Description Buckles with openwork plates depicting griffins drinking from fountains have been found in many parts of France and Switzerland. The griffin, a mythical creature that is half eagle, half lion, originated in Assyria and symbolized vigilance and ferocity. They were a popular design motif throughout Europe during the Migration period. With the advent of Christianity, the griffin drinking from a cup came to symbolize the soul refreshing itself at the source of everlasting life.
- Jewelry - Ancient to Modern. The Walters Art Gallery, Baltimore. 1979-1980.
- Objects of Adornment: Five Thousand Years of Jewelry from the Walters Art Gallery, Baltimore. Cooper-Hewitt National Design Museum, New York; Chrysler Museum of Art, Norfolk; Carnegie Museum of Art, Pittsburgh; San Antonio Museum of Art, San Antonio; Philbrook Museum of Art, Tulsa; Honolulu Academy of Arts, Honolulu; New Orleans Museum of Art, New Orleans; Milwaukee Art Museum, Milwaukee; Minneapolis Institute of Art, Minneapolis; Toledo Museum of Art, Toledo; The John and Mable Ringling Museum of Art, Sarasota. 1984-1987.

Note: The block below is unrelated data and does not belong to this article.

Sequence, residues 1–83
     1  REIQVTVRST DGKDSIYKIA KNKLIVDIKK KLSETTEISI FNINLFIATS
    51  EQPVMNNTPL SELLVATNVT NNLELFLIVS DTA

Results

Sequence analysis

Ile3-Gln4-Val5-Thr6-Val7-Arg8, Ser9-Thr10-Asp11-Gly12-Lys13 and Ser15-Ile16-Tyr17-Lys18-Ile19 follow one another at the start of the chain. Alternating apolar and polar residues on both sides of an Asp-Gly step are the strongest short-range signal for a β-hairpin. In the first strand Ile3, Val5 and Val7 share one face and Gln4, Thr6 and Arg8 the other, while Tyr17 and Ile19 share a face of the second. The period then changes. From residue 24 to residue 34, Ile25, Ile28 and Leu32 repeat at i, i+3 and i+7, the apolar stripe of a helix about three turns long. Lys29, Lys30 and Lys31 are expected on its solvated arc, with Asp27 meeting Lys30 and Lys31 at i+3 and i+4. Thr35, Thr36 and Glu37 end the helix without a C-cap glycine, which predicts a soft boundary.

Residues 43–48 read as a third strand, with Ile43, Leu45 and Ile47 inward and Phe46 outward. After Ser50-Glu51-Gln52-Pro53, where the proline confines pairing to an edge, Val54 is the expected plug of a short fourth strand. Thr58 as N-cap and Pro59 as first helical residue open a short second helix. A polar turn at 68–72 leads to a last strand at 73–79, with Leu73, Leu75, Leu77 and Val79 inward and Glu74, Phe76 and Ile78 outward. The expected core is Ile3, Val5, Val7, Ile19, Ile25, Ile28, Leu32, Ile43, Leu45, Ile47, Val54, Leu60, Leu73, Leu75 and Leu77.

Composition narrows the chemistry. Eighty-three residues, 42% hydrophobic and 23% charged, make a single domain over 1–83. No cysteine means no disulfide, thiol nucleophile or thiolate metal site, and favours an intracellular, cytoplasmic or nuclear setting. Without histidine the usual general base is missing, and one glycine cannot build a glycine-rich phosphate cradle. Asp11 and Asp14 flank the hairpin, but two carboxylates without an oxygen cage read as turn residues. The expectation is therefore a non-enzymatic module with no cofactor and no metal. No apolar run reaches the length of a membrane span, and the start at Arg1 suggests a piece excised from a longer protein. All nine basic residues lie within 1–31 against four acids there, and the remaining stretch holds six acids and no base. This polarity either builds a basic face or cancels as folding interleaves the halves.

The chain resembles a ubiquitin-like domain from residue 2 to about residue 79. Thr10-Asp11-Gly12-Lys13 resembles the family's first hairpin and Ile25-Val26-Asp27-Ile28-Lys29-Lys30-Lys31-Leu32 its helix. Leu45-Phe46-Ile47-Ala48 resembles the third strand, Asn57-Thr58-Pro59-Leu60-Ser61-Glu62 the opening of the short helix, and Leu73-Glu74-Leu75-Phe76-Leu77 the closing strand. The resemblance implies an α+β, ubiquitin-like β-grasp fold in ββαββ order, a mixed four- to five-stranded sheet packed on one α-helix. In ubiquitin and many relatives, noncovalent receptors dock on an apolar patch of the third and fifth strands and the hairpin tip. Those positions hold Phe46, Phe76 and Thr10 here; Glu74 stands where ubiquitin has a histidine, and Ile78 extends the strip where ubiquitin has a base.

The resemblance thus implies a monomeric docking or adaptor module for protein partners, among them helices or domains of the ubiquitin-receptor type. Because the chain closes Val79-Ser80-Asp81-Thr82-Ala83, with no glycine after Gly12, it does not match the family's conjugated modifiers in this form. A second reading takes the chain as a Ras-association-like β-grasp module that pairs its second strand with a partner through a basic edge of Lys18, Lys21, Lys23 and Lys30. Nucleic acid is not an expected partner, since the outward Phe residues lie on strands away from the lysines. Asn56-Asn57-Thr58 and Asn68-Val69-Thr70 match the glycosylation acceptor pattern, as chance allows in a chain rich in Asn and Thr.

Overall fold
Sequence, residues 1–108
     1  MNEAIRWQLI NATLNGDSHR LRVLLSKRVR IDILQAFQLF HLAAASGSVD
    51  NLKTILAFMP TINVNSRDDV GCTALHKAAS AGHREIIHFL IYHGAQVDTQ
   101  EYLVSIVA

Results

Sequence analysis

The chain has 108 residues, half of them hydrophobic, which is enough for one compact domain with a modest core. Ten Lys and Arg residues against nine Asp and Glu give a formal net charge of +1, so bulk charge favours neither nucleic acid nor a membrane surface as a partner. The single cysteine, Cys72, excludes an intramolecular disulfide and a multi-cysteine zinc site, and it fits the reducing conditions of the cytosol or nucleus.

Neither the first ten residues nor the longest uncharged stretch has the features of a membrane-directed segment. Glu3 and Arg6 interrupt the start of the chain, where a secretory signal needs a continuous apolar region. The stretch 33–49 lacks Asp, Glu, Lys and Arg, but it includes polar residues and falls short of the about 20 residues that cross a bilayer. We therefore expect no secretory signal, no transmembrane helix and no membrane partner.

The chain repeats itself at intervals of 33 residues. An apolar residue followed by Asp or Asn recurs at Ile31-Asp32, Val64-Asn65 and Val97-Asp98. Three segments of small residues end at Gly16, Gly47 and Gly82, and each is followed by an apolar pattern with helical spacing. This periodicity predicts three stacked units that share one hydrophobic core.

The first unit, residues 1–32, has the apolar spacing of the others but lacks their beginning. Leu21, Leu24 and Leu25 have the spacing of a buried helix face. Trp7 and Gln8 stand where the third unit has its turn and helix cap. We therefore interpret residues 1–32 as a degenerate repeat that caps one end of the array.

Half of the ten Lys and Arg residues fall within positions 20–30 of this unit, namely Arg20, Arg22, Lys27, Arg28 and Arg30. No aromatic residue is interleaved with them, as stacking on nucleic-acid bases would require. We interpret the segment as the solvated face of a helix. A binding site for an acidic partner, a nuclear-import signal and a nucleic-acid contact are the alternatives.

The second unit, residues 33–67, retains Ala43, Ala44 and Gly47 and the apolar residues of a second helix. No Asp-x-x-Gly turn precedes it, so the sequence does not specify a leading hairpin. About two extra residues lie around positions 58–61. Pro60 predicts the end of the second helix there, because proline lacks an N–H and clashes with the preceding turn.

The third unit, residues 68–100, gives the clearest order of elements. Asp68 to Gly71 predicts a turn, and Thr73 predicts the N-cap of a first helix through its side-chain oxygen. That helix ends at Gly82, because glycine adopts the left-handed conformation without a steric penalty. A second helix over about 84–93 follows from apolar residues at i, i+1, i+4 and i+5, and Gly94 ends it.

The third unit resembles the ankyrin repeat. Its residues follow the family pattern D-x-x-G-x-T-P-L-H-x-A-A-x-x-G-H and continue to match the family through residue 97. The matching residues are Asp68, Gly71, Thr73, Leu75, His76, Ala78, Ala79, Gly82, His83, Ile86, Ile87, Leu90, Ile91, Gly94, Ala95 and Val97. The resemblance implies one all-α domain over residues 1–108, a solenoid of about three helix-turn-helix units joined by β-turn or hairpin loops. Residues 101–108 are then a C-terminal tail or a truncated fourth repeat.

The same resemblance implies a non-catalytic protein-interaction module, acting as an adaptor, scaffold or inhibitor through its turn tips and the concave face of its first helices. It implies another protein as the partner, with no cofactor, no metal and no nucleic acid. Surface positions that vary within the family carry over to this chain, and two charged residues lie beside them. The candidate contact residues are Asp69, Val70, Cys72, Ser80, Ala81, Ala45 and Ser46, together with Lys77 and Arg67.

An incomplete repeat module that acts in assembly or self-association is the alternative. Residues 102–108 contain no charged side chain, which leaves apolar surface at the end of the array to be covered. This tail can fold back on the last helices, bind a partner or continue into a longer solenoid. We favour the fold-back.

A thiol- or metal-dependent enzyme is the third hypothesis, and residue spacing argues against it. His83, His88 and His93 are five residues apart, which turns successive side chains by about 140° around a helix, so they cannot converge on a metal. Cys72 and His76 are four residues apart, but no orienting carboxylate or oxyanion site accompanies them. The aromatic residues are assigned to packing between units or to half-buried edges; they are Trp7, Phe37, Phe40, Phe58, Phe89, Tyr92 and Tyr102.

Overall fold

- Jewelry from the Walters Art Gallery and the Zucker Family Collection. The Walters Art Gallery, Baltimore. 1987.
Provenance Victor Gay, Paris, by purchase; Sale, Hôtel Drouot, Paris, March 23, 1909, no. 281; Joseph Brummer, New York [date and mode of acquisition unknown]; Sale, Parke-Bernet Galleries, New York, May 12, 1949, no. 278; Walters Art Museum, 1949, by purchase.
Credit Museum purchase, 1949
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